States appeal dismissal of suit against U.S. archivist for refusing to certify ERA ratification

Last updated on September 28, 2022

Nevada and Illinois are appealing a U.S. District Court’s dismissal of their suit against the U.S. archivist, who the states are suing for refusing to publish and certify their ratification of the Equal Rights Amendment.

The states are seeking to have the ERA published as part of the Constitution, but their call comes decades past Congress’ 1979 deadline for ratification of the amendment — which was passed in 1972 and is intended to guarantee equal legal rights for all American citizens regardless of sex. The attorneys general for the states contend that the amendment has been fully ratified, as three-quarters of U.S. states have now voted to make it the 28th Amendment. But the U.S. archivist has declined to certify the amendment after finding the congressional deadline to be valid.

The plaintiffs on Wednesday morning appealed the March 2021 dismissal of their suit, which had included Virginia before the state dropped out of the litigation, at the U.S. Court of Appeals. The states argued that the publication of the law would have “meaningful practical consequences,” even though both sides agree the archivist’s certification wouldn’t determine if the amendment was legally valid. Jane Notz, the plaintiffs’ attorney, said that if the amendment is published, certified and consequently officially added to the Constitution and statutes at large, it will then be admissible in court as evidence.

“People will be more likely to take advantage of the right that our states have sought to secure for them,” Notz argued. “And in addition, that other states and the federal government that may not have brought their laws into compliance with the amendment will be encouraged to do so.”

The District Court in March 2021 had dismissed the plaintiffs’ case on the grounds that the states had missed Congress’ deadline for ratification, but also because they failed to show the archivist’s refusal to certify the amendment had caused them any concrete injury, specifically since the archivist’s publication has no legal effect. Notz argued on Wednesday that the injury the states suffer is that “our ratifications are not being given their intended effect.”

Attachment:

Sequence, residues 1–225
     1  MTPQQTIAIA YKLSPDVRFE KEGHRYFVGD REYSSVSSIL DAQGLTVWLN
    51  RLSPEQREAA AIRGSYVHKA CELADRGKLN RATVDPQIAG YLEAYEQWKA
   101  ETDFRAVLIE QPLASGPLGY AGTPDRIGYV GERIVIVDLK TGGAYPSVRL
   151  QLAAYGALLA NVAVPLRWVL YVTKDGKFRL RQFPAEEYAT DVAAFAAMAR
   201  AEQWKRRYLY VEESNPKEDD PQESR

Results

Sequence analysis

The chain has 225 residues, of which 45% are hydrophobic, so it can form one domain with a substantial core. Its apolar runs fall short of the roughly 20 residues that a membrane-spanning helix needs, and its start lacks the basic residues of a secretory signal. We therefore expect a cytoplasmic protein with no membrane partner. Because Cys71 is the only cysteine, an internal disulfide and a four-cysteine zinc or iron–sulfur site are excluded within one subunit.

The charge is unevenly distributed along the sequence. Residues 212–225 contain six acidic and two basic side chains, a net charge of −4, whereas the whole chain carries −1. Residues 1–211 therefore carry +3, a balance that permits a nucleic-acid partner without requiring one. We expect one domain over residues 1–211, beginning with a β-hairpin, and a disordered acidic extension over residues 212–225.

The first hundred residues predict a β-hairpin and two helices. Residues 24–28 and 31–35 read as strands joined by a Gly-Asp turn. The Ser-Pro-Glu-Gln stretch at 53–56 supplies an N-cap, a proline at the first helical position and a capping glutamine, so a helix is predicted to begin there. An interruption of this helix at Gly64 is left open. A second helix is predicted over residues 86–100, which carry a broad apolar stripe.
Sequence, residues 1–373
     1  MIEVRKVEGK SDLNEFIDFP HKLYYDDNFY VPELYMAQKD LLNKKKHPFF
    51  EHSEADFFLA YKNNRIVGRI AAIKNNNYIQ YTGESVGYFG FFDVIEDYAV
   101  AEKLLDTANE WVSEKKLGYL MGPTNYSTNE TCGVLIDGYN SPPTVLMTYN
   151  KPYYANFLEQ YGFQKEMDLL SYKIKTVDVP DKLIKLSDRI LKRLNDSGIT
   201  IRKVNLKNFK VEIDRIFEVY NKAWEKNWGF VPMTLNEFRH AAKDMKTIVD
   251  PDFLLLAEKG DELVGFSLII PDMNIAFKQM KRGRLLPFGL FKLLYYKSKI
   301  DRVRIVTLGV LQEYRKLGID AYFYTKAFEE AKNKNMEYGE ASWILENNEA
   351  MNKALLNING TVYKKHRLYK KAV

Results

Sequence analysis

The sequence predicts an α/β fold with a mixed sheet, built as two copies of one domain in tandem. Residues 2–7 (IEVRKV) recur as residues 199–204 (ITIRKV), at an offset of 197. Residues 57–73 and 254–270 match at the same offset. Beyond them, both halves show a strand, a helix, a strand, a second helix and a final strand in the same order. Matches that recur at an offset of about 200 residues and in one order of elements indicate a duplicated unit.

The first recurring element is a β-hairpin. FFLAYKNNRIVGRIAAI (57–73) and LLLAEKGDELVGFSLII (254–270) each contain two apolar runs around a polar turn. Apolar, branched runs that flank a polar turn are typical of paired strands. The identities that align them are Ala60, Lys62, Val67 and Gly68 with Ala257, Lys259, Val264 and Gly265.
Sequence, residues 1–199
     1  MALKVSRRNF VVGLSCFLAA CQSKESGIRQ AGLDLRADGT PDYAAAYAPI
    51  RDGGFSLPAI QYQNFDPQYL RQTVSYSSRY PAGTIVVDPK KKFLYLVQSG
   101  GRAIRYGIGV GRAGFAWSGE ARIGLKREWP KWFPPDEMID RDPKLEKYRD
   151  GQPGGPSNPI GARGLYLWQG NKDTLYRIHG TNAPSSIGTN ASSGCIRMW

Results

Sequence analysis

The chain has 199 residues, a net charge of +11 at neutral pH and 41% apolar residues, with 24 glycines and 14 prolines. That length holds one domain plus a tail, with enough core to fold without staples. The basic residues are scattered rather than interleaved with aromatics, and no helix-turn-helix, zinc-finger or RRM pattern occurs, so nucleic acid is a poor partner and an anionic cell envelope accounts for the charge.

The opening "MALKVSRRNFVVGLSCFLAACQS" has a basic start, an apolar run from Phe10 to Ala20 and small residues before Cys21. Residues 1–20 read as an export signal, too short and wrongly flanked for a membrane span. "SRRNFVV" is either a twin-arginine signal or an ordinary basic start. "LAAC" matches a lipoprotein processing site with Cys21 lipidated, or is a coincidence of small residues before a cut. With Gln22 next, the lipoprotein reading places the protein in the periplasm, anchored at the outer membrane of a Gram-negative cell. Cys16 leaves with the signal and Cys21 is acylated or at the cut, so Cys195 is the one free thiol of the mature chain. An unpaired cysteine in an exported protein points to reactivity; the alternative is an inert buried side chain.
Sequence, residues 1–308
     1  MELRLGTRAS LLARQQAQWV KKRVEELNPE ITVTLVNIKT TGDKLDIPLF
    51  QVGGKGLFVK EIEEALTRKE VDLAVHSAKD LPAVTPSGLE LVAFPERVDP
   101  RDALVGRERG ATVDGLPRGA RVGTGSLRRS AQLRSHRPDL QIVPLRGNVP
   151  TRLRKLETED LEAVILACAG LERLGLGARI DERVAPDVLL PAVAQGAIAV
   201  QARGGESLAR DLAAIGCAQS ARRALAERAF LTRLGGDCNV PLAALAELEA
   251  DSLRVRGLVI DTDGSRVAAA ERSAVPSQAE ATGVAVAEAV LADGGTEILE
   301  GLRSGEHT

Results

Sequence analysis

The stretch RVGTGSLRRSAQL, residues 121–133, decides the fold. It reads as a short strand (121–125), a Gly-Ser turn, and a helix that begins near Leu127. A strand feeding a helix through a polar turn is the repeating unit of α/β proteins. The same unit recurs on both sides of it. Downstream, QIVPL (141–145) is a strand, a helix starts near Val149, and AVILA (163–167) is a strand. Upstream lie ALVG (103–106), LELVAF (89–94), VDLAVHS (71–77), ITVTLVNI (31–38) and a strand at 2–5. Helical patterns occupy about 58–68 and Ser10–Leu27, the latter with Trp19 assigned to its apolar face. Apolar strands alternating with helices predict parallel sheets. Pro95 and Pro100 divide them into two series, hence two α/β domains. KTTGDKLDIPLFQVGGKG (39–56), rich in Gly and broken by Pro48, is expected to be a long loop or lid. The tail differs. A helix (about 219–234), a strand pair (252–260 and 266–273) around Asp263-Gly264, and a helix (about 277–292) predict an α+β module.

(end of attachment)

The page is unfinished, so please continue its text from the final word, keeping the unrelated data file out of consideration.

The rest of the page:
“The harm from the lack of publication is the fact that our states ratified the amendment in anticipation that it would be recognized as legitimate. And due to the archivist’s inaction, our purpose in ratifying the amendment is not being served,” Notz said.

The plaintiffs also argued that the 1979 deadline Congress set for ratification was “unconstitutional,” since it was written in the proposing clause of the amendment and not the actual text. Notz said that Article V of the Constitution supports the argument that “Congress is free to propose amendments without interfering with the states’ ability to ratify amendments,” and therefore the deadline in the proposing clause of the amendment is unenforceable against the states.

“The framers intended that the states and Congress would be co-equal participants,” Notz said.

The defense for former Archivist David Ferriero, who had declined to publish the amendment, on Wednesday urged the Appeals Court to dismiss the case, arguing that the certification is “a ministerial act that has no substantive application.” Representing the defense, Sarah Harrington — the deputy assistant attorney general for civil appellate — also denied that the states had any injury that would be redressed by the archivist’s proclamation.

“They talk about practical effects, they don’t really talk about what those practical effects are,” Harrington said. “They just sort of vaguely wave at practical consequences that might follow from a certification. But nothing legal follows from a certification.”